We are a scant few weeks into the era of legal recreational pot in Colorado and so far, there are no reports of increased driving accidents or violence. But Fox News found a different point of concern. Brian Kilmeade, co-host of Fox and Friends, honed in on the connection between pot and food stamps, otherwise known as the Supplemental Nutrition Assistance Program, or SNAP.
"Can people collecting food stamps in Colorado add marijuana to their shopping list?" Kilmeade asked. "Right now, the answer is yes. Because there’s nothing blocking using government benefit cards in pot shop ATMs."
In this fact-check, we are looking specifically at Kilmeade’s claim that people receiving food stamps in Colorado can use an ATM to get cash that they can use in turn to purchase marijuana.
We reached out to Fox News and got no response.
So if SNAP benefits can’t be withdrawn as cash, how can people use them at Colorado pot shops?
Colorado gives SNAP recipients a Quest Card, which is basically a debit card. It’s a cover-all card used by people who sign up for SNAP, low-income energy assistance, welfare (Temporary Aid for Needy Families or TANF) or any other aid they might qualify for.
People receiving benefits from those other programs can use their Quest Card at an ATM to get cash. But not SNAP, and the card knows the difference, officials with the Colorado Department of Human Services told us.
"The card is programmed to distinguish between a cash withdrawal for TANF, or any other cash benefit, and a food purchase with SNAP dollars," said Dan Drayer, the department’s communications director. "There’s no way they can get SNAP benefits from a machine."
Kilmeade would have been more correct if he had focused on another federal benefit -- Temporary Assistance For Needy Families, or TANF. Nothing would prevent a person with a Quest Card with TANF money on it from using the card in any ATM to get cash, which they could then use to buy marijuana.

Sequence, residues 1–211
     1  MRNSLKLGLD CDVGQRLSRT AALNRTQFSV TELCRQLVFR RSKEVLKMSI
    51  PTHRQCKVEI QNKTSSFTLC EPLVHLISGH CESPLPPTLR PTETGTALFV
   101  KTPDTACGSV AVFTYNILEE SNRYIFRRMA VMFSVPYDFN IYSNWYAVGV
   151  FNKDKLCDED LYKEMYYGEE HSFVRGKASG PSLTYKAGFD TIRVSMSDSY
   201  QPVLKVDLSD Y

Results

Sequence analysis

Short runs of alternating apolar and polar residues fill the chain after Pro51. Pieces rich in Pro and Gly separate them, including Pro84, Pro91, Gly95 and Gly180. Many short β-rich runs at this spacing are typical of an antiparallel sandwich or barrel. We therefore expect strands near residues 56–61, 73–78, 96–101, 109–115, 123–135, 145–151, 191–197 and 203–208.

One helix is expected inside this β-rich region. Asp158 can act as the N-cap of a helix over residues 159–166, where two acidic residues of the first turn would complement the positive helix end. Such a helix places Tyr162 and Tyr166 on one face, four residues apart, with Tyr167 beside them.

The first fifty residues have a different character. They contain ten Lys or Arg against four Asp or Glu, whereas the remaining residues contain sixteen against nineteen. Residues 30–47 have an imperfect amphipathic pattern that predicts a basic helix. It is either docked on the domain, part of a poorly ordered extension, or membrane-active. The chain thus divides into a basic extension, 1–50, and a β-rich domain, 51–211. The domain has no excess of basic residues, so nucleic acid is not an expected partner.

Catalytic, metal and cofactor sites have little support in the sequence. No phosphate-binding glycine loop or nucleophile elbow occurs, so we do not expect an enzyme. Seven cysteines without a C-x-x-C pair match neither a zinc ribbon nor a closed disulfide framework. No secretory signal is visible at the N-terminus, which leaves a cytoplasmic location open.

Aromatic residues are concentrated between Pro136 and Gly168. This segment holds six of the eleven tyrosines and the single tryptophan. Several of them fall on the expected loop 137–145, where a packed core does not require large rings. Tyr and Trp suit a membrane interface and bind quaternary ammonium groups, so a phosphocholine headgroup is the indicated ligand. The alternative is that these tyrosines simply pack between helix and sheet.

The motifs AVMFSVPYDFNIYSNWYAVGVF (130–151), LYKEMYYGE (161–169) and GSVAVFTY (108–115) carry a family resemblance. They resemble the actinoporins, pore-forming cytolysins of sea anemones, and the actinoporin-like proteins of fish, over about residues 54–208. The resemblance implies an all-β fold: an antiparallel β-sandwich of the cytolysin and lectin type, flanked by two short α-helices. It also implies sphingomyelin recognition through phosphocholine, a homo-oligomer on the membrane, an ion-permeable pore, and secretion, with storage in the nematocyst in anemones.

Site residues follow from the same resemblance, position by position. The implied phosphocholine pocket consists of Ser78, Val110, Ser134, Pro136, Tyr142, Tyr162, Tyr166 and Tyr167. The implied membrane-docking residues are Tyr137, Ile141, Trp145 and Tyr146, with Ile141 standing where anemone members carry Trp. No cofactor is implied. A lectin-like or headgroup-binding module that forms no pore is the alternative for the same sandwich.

Two final points. First, marijuana stores do have ATMs. "Due to the lack of access to banking services for cannabis businesses, purchases generally must be done in cash," said Taylor West, deputy director of the National Cannabis Industry Association, a trade group.
Second, a SNAP benefit card will only work with foods that are the approved by the USDA. A rumor that food stamps could be used to buy marijuana brownies falls flat because no food that can be eaten in the store, laced with pot or otherwise, would be on the government’s list.
Fox News’ Kilmeade said ATMs give food stamp recipients in Colorado a way to buy marijuana. The technology behind government electronic benefit cards blocks that. While the card could have cash value from another program such as TANF, no ATM would dispense cash based on a person’s food stamp allowance.
We rate the claim False.